This left quite a big space in the front.  If it’s not covered up by his many arms, it’ll be a great spot for a cactus, tumbleweed or other desert paraphernalia.

At this point I broke out the greenstuff.  Small bits were put in where the worst gaps were and using my color shapers, I was able to blend the putty into the folds of skin.

After hitting the gaps with greenstuff, I went and glued on the four hands.  These were fairly simple.  One pin in the middle, and one pin hole in the arm.

Big Hand

Big Arm

Little Hand

Little Arm

The back banner was put on in the exact same way as the Cyclops’.

Lastly, I glued on the shoulder pads.  No pins since the pads are too thin.  Just lots of superglue.

After all the final assembly, I sculpted a bit of wrinkles and scratches into the greenstuff.  Sadly, I forgot to take pictures of the finished greenstuffing, but it was fairly easy.  So long as the general shape follows the muscles and it’s not smooth, you’re fine.

Overall, some gorgeous models, but what a pain to out together.  They really do mean it when they say the Battlebox is a preview for the faction’s mentality.  If you can make it through that…

I enjoyed the challenge though.

Not much of a tutorial for this guy.  He’s only three pieces.
Like all my models, I clipped off the tab and filed his feet flat.  One pin into each foot and he’s on his base.  The left arm is pretty straight forward.  A pin into the nub and arm and that’s done.
I think the tricky part if the right arm, the one that crosses his body.  I put a pin into the flat section of the joint:
Then, I put a hole into the middle of the arm bit, aimed straight down the arm.  They meshed fairly easily.  Really look at the geometry of the joint.  It’s a weird one, but once you wrap your head around it, you’ll see the best places for the pin.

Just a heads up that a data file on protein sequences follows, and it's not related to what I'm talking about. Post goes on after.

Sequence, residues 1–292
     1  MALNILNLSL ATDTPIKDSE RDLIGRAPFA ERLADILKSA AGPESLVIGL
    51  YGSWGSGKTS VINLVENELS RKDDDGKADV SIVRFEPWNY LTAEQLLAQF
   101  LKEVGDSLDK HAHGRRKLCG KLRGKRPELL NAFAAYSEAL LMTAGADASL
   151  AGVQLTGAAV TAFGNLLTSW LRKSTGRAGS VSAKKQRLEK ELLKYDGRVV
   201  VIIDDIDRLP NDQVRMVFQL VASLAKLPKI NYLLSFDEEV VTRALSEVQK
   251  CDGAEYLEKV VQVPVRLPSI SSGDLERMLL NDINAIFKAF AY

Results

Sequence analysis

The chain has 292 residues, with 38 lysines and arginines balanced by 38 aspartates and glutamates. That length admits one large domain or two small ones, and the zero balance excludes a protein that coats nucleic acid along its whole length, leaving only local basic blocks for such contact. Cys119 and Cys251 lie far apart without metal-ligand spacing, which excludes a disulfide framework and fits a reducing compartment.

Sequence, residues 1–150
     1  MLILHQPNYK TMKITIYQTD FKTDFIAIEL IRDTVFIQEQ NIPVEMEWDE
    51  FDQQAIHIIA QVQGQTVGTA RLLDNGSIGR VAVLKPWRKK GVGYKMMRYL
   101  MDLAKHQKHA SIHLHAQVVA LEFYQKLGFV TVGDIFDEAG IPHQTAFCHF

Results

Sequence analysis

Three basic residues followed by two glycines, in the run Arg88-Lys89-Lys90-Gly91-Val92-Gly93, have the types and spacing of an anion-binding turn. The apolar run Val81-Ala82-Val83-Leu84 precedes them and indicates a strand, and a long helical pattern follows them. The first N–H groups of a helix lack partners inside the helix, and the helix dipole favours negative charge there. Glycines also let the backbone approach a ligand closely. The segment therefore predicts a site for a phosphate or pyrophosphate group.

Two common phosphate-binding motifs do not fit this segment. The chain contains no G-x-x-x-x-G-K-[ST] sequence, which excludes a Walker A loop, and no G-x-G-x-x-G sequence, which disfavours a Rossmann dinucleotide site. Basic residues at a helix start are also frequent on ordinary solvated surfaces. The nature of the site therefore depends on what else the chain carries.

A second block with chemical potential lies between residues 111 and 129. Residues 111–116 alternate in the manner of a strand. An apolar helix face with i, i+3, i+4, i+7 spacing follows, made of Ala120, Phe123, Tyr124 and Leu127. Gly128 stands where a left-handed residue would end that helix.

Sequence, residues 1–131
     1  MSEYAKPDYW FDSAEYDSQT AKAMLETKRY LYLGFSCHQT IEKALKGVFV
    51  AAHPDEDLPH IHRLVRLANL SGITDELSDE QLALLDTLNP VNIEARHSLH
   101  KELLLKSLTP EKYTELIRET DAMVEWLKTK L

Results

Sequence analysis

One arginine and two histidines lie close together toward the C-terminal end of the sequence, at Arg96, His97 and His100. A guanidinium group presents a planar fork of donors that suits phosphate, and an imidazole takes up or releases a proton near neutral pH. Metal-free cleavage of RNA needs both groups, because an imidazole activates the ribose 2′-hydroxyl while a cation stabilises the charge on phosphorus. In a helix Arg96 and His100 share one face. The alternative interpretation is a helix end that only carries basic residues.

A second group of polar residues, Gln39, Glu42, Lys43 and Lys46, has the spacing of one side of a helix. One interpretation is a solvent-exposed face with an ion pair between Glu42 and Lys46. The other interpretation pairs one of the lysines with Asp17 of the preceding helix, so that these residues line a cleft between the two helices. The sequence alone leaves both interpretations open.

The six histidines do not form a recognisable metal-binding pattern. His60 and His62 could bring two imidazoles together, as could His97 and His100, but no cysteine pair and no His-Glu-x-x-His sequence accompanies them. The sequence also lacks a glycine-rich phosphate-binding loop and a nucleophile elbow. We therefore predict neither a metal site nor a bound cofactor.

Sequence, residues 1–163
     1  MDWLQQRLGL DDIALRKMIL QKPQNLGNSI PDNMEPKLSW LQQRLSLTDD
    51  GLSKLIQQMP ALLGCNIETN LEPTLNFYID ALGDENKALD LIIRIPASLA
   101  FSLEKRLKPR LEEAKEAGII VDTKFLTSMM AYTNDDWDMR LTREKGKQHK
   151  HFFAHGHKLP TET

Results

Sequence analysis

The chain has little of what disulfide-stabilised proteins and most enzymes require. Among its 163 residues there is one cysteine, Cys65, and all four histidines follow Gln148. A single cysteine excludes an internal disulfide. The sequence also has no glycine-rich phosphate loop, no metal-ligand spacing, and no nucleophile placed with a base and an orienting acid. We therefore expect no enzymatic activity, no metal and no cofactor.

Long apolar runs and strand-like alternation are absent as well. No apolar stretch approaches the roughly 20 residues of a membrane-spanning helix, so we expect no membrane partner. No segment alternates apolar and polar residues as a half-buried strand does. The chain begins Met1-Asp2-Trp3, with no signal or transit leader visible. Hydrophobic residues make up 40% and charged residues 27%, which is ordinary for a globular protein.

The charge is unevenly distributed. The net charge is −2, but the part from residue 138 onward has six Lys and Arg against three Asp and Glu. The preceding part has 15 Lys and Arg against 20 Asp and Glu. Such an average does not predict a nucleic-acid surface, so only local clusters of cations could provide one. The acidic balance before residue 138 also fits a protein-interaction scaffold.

So far, that’s a 3 pt army.  That’s a lot of nasty for 3 points!  (Morghoul has 7 warbeast points!)
Up next (and by next I mean tomorrow):  The Titan Gladiator.  It’s going to need green stuff.  I’m so excited.


No I’m not.

So, this time around I’m assembling the second Cyclops Savage.  All the same pins, in all the same places.  This time, however, I put things together in a much smarter order.  Until I realized I’d mixed up right arms.  You see, I got these models second hand.  I disassembled them, stripped them and then put all the parts to make each model in a baggie.  I test fit the arms, but somehow I messed it up.  So, in the middle of working on this second Savage, I realized my mistake.  I tore apart the previous one, had to drill out holes, re-pin a few joints, etc.  It was a mess.

Regardless, as requested, here’s a more detailed walkthrough for pinning a model to its base.

First, I drilled holes in everything:

  • Eight in the body (2 feet, 2 for the banner, 1 for the tabard, head and 2 for the arms)
  • Two in the left arm, three in the right arm (for the spike)
  • Two in the weapon bit
  • Two into the banner